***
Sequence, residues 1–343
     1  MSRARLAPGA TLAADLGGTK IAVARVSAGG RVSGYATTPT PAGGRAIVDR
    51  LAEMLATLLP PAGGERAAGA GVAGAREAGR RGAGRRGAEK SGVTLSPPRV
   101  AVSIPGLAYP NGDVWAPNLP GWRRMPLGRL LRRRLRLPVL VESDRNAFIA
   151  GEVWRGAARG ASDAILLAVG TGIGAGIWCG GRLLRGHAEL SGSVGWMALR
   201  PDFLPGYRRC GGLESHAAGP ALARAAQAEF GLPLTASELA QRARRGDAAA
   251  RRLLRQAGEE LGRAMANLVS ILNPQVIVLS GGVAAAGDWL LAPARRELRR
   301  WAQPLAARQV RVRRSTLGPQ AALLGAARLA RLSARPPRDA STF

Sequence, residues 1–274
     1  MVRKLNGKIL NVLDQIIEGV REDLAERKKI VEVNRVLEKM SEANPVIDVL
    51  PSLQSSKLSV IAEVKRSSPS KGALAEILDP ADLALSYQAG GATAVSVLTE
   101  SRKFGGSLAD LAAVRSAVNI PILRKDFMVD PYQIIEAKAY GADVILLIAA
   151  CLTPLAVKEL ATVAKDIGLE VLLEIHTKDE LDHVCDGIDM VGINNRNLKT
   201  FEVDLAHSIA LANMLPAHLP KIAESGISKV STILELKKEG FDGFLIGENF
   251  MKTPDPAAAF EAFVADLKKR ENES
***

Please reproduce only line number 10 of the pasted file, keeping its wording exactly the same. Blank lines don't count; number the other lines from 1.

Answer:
     1  MVRKLNGKIL NVLDQIIEGV REDLAERKKI VEVNRVLEKM SEANPVIDVL